CBS News Correspondent Jerry Bowen Retires

By Chris Ariens Comment

Bowen_1015.jpgJerry Bowen, a 30-Year veteran of CBS News, has retired from the network. Bowen joined CBS News in April 1977 as a correspondent in the Chicago bureau. After a stint in Rome for CBS, Bowen moved to Los Angeles in 1979 where he spent the next 27 years covering stories up and down the west coast.

“Jerry is among the best writers and storytellers of CBS News,” said
Sean McManus, president of CBS News and Sports. “He is known for his ability to come through with a beautifully crafted script and smooth-as-silk delivery under heavy pressure and tight deadlines.”

Bowen’s last day was Friday. He will continue to contribute to CBS News Sunday Morning.

Click continued to read the press release…


30-Year Veteran Will Continue to Contribute to CBS NEWS SUNDAY MORNING
CBS News Correspondent Jerry Bowen, who has been a CBS News correspondent for 30 years, retired Friday (12) from his full-time position. He will continue to contribute to CBS NEWS SUNDAY MORNING, which he has done for many years.

Bowen has been based in Los Angeles since 1979. He reports primarily for the CBS EVENING NEWS WITH KATIE COURIC and for CBS NEWS SUNDAY MORNING, to which he contributes profiles of celebrated and not-so-celebrated Americans. Bowen also contributes to other CBS News broadcasts.

“Jerry is among the best writers and storytellers of CBS News,” said Sean McManus, President, CBS News and Sports. “He is known, among many wonderful attributes, for his ability to come through with a beautifully crafted script and smooth-as-silk delivery under heavy pressure and tight deadlines. Jerry has continued the CBS News tradition of fine writing in a distinctive voice. I’m very pleased that Jerry will continue to lend that voice to SUNDAY MORNING, as he has done for nearly all of his 30 years here.”

In addition to covering most of the major stories in the western
United States for nearly three decades, he has reported extensively from some of the most remote areas of the world. In 2002, Bowen followed up reports in the 1990s from the Arctic Ocean off Alaska on climate change and global warming. In the summer of 1999, he and his crew were the only journalists invited aboard the emergency U.S. Air Force flight that air-dropped medical supplies to Dr. Gerri Nielsen, the trapped, cancer-stricken doctor at the South Pole. Also in 1999, as he had done in 1991, Bowen led a CBS News team to Antarctica for a series of reports on scientific experiments and environmental concerns at the bottom of the world. In 2004, he returned to the Arctic to report on global warming research and tourism at the North Pole.

In 2006, Bowen reported from Alaska on the serious threat posed to coastal villages losing ground to more frequent violent storms caused by the warming climate. And his award-winning series of reports on Alaska’s world famous McNeil River brown bears helped reverse a state plan to open their habitat to trophy hunters.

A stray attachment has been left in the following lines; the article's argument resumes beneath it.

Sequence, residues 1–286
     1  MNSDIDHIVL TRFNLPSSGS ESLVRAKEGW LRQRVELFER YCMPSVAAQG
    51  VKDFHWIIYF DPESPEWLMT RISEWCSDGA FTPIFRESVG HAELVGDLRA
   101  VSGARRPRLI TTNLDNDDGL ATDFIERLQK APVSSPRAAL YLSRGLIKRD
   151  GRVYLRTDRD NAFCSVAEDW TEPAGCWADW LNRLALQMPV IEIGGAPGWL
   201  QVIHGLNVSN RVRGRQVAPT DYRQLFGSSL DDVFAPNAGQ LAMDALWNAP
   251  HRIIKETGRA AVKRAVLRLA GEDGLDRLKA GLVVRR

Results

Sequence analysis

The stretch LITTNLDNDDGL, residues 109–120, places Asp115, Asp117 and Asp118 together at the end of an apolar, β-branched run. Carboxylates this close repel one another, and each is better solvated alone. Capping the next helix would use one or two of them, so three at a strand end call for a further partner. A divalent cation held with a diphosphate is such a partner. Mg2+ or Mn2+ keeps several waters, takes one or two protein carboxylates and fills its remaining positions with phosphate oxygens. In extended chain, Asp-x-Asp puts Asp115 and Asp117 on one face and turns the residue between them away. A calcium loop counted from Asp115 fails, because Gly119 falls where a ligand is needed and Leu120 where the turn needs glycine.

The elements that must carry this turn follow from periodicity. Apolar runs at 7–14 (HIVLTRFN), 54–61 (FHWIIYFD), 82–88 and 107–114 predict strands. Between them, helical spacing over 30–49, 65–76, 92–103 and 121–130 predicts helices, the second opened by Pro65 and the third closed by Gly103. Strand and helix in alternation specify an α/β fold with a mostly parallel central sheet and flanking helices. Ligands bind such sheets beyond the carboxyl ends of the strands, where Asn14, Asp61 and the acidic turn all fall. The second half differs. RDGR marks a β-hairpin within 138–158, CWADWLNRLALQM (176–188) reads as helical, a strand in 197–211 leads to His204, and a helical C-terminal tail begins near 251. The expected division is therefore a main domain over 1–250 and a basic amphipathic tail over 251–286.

Bowen has also covered major stories closer to home, including the Columbia shuttle disaster, as well as the return to flight of the shuttle program and the safe landing of shuttle Discovery at California;s Edwards Air Force Base in 2005. He has reported extensively on NASA’s deep space research programs, including the explorations by the twin Mars rovers on the red planet, and the successful fly-by of the Cassini orbiter through the rings of Saturn.

California earthquakes, Arizona floods and record cold in Alaska are among the natural disasters he has covered. Bowen reported on the Los Angeles riots that followed the acquittal of police accused in the beating of Rodney King. He also covered Ronald Reagan’s successful Presidential campaign in 1980 and, in 2004, the President’s death and burial at his Presidential library in California. During the 1980s, Bowen reported extensively on Mexican and Caribbean affairs, including the 1986 exile of Haitian dictator Francois Duvalier. His overseas assignments have included the overthrow of Philippines President Ferdinand Marcos, the student revolt in Tiananmen Square and the opening of Siberia’s gulag system to the Western world following the fall of Communism.
Bowen served as a contributing correspondent for the CBS News magazine, “Street Stories” (1992).

Prior to his Los Angeles assignment, he was a correspondent in CBS News’ Rome bureau (1977-79), from where he provided extensive coverage of the Middle East, including the overthrow of the Shah of Iran and takeover by the Ayatollah Komeini. Bowen reported on Papal affairs–including the death of Pope Paul and the elections of Pope John Paul I and John Paul II–and covered the birth of the world’s first test tube baby in England.

He joined CBS News in April 1977 as a reporter in its Chicago bureau.
Previously, Bowen was a reporter/anchor/producer at WCCO-TV, the CBS Owned station in Minneapolis (1969-77). He was a reporter at KSTP radio and KSTP-TV Minneapolis (1968-69) and at WOI-TV (1966-68) and KASI Radio (1963-66), both in Ames, Iowa.

Bowen is the recipient of three Emmy Awards: for a 1993 segment on the Branch Davidian stand-off near Waco, Texas, on 48 HOURS; for a 1988 segment on L.A. street gangs on 48 HOURS; and for a 1982 economic report for the CBS EVENING NEWS.

He was born in Atlantic, Iowa. Bowen attended Iowa State University (1965-68) and was graduated from the University of Minnesota in 1973 with a Bachelor of Arts degree in journalism. He and his wife of 38 years live in Los Angeles and have two adult sons and one grandson.